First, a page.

Broadly speaking you could say that Policy Discovery is used to identify binaries that function as Updaters as well as other binaries that have come into existence after your initial solidification and therefore are not whitelisted. McAfee purportedly added logic into the generation of Policy Discovery Requests such that not every event is reported and uploaded to the ePO. So in my experience you sometimes miss events that you would otherwise need to have catered for with a Solidcore rule to prevent system instability, hence why McAfee recommend robust testing (including Enabled mode) and a staged implementation.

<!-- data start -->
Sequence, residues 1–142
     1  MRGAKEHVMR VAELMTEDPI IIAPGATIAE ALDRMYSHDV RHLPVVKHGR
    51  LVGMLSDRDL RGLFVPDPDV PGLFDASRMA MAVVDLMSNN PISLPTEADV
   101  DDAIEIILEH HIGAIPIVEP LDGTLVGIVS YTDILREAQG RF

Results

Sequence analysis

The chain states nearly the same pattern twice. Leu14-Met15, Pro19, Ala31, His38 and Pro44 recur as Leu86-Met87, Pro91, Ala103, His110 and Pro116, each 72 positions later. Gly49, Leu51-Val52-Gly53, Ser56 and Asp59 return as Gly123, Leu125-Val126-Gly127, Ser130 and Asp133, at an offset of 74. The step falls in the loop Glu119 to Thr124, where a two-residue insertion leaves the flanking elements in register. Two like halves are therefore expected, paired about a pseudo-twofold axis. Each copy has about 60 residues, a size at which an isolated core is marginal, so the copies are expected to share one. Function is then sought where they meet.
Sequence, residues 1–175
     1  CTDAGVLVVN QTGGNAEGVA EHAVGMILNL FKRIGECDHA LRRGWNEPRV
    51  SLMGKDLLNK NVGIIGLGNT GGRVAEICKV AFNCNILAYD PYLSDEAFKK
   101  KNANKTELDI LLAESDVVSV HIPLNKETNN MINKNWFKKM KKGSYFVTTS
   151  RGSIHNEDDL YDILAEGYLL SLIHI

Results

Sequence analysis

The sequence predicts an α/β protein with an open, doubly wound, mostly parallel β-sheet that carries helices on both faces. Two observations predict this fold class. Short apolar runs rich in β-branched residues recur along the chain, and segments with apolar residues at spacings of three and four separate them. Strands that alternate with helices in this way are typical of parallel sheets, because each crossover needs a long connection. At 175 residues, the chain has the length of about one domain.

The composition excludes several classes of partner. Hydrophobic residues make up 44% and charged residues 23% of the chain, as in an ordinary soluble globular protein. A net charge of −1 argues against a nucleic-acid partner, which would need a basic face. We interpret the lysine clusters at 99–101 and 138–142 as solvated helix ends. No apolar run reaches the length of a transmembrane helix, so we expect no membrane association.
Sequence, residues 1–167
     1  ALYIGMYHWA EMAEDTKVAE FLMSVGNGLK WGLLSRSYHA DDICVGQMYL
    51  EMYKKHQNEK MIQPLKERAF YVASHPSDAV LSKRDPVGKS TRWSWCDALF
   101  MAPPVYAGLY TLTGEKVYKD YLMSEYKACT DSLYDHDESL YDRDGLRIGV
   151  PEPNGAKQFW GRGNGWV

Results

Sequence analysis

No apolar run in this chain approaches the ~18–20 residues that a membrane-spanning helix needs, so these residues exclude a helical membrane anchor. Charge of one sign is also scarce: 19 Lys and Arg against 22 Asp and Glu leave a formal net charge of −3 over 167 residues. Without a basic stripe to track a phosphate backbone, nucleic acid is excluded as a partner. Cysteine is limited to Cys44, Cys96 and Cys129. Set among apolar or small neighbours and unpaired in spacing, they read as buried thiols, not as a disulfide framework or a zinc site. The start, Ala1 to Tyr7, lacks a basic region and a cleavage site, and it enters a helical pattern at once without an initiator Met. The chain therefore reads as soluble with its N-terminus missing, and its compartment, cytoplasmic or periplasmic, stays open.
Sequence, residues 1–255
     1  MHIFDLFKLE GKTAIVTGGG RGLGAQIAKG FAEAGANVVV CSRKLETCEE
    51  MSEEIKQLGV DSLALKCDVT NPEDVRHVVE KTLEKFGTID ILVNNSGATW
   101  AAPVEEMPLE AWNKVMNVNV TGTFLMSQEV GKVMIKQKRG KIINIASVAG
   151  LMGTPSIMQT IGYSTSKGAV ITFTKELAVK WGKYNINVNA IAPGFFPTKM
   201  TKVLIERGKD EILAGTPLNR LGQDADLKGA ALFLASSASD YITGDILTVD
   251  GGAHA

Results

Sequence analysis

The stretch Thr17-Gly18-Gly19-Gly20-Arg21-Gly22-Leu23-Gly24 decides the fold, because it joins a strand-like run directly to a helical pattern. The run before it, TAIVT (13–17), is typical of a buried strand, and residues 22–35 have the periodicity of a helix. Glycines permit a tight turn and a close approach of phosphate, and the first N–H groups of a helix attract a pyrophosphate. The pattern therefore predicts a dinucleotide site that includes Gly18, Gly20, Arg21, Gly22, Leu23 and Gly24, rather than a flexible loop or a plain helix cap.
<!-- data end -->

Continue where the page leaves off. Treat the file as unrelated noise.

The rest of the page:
With regards to the enterprise trust level of binaries in the inventory, when we initially deployed we reviewed and classified accordingly but we find little value in undertaking the activity now. We do pay attention to the Cloud Trust level as this is a score determined by McAfee having aggregated information from their customers to feed into the Global Threat Intelligence platform. If binaries are reported as having a poor reputation by McAfee then we investigate accordingly to determine if action is required to block that binary globally. The inventory in the ePO is an aggregated source of binaries uploaded from your endpoints. Each endpoint maintains its own local inventory which it uses as its whitelist so there is no need to mark as trusted within the ePO before you enable Solidcore on your endpoints.